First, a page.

Stories of inventors and their inventions: William Robert Grove and the first fuel cell.
Aug 31, 2020
This article was written by the IP Team of EIT InnoEnergy
We all read stories about the innovators of today and how their products or services make a difference. In this series of publications, we shed light on a side that remains often dark and unknown to the public: their patented inventions and what impact they have had on other innovators across society. We did the research and summarized our findings.
Sir William Robert Grove was a physicist, inventor and later a Welsh Judge. He is remembered in the scientific community for two of his major contributions - the general theory of the conservation of energy, and the first version of fuel cell technology. It was in the early 1840s that he developed, what he then called, the ‘gas voltaic battery’, which produced electrical energy through the combination of hydrogen and oxygen, and described it using his correlation theory. Through the development of the cell, he showed how steam could be split into oxygen and hydrogen, and that the process could be reversed, thus becoming the first person to demonstrate the thermal dissociation of molecules into their constituent atoms. However, the invention, which later became known as a fuel cell, did not produce enough electricity to be useful.
William Robert Grove was born in 1811, in Swansea in Wales, to a prosperous local magistrate and deputy lieutenant of the county. Despite his father's wishes for him to become a priest, Grove decided to pursue a career in law and was called to the bar in 1835, but ill health kept him out of active legal practice throughout the 1830s. Instead, he went on a Grand Tour of the Continent through which he revived a youthful enthusiasm for electrical experiments. William Robert Grove’s illustrious scientific career was abandoned when he returned to the law for the simple reason that he could not afford to remain as a man of science.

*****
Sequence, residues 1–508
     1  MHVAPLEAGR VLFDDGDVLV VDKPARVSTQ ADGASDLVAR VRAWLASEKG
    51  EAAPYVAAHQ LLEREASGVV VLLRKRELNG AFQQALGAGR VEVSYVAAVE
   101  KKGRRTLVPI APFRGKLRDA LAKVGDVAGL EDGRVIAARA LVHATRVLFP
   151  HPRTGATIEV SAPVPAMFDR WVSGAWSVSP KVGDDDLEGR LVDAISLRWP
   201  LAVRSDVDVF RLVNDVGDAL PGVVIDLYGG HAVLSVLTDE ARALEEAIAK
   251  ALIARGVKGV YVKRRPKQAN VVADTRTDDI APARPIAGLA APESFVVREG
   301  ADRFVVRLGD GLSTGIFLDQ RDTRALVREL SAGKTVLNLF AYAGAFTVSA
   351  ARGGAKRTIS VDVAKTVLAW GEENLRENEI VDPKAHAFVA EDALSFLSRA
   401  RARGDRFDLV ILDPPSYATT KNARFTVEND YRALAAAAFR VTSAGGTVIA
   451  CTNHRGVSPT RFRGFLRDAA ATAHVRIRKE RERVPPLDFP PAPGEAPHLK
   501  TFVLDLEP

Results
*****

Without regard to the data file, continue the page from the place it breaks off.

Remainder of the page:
Both the general theory of conservation of energy and the battery were created during Grove’s tenure as Professor of Experimental Philosophy at the London Institution in the 1840s which proved to be the highlight of his scientific career. Electricity and all the inventions and discoveries related to it were the rage in the 1830s and had become Grove’s passion. It was expected to be the next big thing that would soon replace steam as the power propelling the British Empire forwards. The nitric acid battery that Grove invented in 1839 became the standard power source for the electric telegraph industry.
Grove’s words - “As it seems probable that at no very distant period voltaic electricity may become useful as a means of locomotion, the arrangement of the batteries so as to produce the greatest power in the smallest space, becomes important,” rings true to this day, where the race to build the smallest, lightest, most efficient battery is still on in full swing.
The authors of the publications have used publicly available information only and no private information was handed to them by the innovators or third parties.
The IP team at InnoEnergy specializes in combining public sources and state of the art research tools, to provide our innovative member companies with business intelligence. In this case, the following sources were used: